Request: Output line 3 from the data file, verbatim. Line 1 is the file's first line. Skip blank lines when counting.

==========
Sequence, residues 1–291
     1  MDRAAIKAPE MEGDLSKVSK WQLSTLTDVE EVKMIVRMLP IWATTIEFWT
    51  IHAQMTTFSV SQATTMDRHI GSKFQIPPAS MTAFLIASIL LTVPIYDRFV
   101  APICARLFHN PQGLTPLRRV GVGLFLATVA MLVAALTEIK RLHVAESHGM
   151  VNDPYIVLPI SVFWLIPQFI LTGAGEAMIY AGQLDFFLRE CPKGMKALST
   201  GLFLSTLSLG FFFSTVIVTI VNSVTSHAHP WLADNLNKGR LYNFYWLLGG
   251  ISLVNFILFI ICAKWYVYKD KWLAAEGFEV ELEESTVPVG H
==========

    51  IHAQMTTFSV SQATTMDRHI GSKFQIPPAS MTAFLIASIL LTVPIYDRFV